Chautauqua-Wawasee and the Syracuse-Wawasee Historical Museum are once again collaborating to offer a 3-day series of educational and entertaining programs focused on northern Indiana native American history. All programs are free to attend.
Thursday, September 1- 6:30-7:30 p.m.
Using Maps to Unlock the Past (1866 – 1903)
As Kosciusko County Surveyor, Mike Kissinger, has done a great deal of historical research and will share his findings and interest in Kosciusko County and the lakes area. Of special interest are old maps, Indian reservations, old schools/homes, and the stories of past residents.
About the Presenter: Mike Kissinger
Mike is a lifetime resident of the North Webster area and lives on the property that family acquired from the U.S. government in 1845. A 1979 graduate of Wawasee High School, he has worked in the County Surveyor’s Office for the past 41 years, Mike was licensed as a Professional Surveyor in 1999 and was selected as the County Surveyor when his friend & mentor, Richard Kemper, retired in 2015.
Friday, September 2- 6:30-7:30 p.m.
Reenacting Richard Stone’s Journal (1827-1842)
In 1827, as some of the first white settlers in Noble County, Richard Stone and his family set up a trading post at the junction of two highly traveled trails, known today as U.S. 33 & SR 5. The Indian village of Chiefs Papakeechie and Wawasee was just six miles away. Using Richard Stone’s journal, reenactor Jim Hossler will relate the life and times at the newly established trading post.
About the Presenter: Jim Hossler
Jim has lived in Noble County for the last 30 years. He has been a member of Stone’s Trace Historical Society for the last past 14 years, and the President for the last 9 years. Stone’s Trace is a historic site in Noble County that has restored Richard Stone’s tavern and three other pre-Civil War buildings. He and his wife, Pam, have five children and six grandchildren. He says “I’ve always enjoyed history, and I love teaching the kids and the people about Stone’s Trace.” Read more at www.stonestrace.com. A “Vintage Christmas” is planned for December 3, 1:00 –4:00pm. Jim owns and operates a small trucking company.
Saturday, September 3- SIX individual programs are listed below
Bring Your Own Artifact 10:00 – Noon /Led by Jim Bickel & Michelle Eddington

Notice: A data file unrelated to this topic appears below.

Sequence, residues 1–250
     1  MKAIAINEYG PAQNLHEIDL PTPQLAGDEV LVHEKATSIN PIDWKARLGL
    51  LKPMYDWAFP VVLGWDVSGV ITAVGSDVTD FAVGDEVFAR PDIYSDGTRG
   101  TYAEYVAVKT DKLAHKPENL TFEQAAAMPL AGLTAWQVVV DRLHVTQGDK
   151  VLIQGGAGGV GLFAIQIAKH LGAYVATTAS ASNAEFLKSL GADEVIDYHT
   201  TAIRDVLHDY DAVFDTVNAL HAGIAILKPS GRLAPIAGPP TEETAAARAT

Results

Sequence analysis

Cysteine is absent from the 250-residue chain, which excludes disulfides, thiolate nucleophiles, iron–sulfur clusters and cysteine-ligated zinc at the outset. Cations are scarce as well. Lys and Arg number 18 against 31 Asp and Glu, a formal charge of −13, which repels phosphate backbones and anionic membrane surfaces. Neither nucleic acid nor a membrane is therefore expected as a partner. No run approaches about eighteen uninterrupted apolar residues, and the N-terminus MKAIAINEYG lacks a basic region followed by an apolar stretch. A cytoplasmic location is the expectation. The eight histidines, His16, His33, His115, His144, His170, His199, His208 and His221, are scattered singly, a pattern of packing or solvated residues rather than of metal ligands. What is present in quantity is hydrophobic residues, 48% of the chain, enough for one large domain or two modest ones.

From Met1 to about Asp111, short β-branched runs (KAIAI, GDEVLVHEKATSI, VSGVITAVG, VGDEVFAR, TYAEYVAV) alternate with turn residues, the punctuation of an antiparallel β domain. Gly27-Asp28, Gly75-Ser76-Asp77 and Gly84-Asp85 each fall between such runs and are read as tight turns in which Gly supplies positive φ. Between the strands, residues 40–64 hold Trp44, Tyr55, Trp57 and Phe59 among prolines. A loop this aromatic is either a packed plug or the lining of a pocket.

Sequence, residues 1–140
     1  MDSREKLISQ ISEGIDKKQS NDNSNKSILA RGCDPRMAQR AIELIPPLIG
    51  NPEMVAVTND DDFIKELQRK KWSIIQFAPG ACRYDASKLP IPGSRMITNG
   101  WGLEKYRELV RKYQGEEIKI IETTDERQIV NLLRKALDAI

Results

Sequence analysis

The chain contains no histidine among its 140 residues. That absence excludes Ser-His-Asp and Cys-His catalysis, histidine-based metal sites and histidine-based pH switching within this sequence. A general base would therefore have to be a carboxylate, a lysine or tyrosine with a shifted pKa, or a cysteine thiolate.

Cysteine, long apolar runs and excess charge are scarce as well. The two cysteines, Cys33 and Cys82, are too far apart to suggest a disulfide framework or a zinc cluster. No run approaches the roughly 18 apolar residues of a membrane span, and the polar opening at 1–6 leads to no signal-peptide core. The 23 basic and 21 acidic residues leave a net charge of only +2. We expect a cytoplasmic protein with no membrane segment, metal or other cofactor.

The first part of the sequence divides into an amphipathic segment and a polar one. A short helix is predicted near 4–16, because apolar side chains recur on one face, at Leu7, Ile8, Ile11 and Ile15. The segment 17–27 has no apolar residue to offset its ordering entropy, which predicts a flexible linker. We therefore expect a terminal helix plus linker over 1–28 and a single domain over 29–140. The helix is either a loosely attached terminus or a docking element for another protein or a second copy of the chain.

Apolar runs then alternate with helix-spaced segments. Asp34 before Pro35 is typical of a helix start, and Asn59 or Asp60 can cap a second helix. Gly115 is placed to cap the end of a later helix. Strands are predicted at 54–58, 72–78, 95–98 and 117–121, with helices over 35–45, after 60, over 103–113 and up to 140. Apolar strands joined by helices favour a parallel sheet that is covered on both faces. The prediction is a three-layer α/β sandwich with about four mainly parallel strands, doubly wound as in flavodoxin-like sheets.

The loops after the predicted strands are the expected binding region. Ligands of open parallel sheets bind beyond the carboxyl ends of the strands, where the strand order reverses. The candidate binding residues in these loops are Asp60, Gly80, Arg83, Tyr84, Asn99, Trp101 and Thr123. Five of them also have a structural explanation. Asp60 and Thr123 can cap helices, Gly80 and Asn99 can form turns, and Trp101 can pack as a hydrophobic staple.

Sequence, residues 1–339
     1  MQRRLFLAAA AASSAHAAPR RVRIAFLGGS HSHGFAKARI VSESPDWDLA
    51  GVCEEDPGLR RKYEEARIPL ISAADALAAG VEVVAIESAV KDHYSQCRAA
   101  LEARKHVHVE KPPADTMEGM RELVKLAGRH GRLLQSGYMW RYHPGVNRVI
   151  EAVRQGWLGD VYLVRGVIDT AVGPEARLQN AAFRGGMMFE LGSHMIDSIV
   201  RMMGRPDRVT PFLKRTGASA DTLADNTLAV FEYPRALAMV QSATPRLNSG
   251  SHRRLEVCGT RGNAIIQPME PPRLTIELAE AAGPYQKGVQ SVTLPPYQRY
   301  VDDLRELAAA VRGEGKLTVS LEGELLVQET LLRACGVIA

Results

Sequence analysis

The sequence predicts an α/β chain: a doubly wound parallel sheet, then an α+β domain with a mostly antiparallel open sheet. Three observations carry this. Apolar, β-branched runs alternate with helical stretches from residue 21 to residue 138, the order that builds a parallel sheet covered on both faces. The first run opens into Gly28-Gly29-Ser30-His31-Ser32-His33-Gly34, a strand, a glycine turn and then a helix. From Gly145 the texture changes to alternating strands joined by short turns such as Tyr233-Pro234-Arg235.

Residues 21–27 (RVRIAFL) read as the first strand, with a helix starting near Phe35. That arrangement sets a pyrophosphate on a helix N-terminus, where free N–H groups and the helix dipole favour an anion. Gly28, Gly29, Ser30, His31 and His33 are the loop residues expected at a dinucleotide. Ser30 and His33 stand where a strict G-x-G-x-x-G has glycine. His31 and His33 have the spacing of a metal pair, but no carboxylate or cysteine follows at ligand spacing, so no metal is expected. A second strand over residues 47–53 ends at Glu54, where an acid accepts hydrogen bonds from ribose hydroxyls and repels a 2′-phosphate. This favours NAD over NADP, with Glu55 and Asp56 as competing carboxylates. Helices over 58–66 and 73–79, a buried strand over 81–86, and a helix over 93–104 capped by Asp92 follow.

Do you have an old artifact that you aren’t sure what it is or when/where it originated? Jim and Michelle are available to examine your artifact and
(hopefully) tell you all about it.
Tribute to the Eastern Woodland Natives 10:00 – Noon /Led by Dan Lima, reenactor of Eastern Woodland Natives
Veteran reenactor Dan Lima will delight you with the lives of Potawatomi Chief Five Medals and Miami Chief Wawasee and his brother Chief
Papakeecha whose reservation was located near present-day Indian Village in Noble County.
“Life and Times of Five Medals” discussion 10:00 – Noon /Led by Mike Judson at WACF Amphitheater
Mike Judson, president of Five Medals Living History, Inc., will discuss the life and times of the Elkhart River Potawatomi Chief Wonongaseah (a.k.a. Five Medals). Five Medals led his people in the defense of their homeland from the Battle of Fallen Timbers in 1794 to the War of 1812.
1774 French Marine 10:00 – Noon /Led by Joe Zdziebko
Joe Zdziebko, dressed as a 1750s French Marine will display and discuss his equipment, uniform, musket, furs, maps, etc. He will also talk about old
sayings that are still used today.
Flintknapping Hands-on Demonstration 10:00 – Noon /Led by Jeff Mesaros
Want to know how native American artifacts were made by hand? Jeff Mesaros will show you how. And here’s your chance to try making one!
Atlatl Weapon Demonstration 10:00 – Noon /Led by Jamie Clemons
The atlatl was a tool that uses leverage to achieve greater velocity in dart or spear-throwing and includes a bearing surface that allows the user to
store energy during the throw. Jamie will be demonstrating types from around the nation and allowing the public to participate with samples.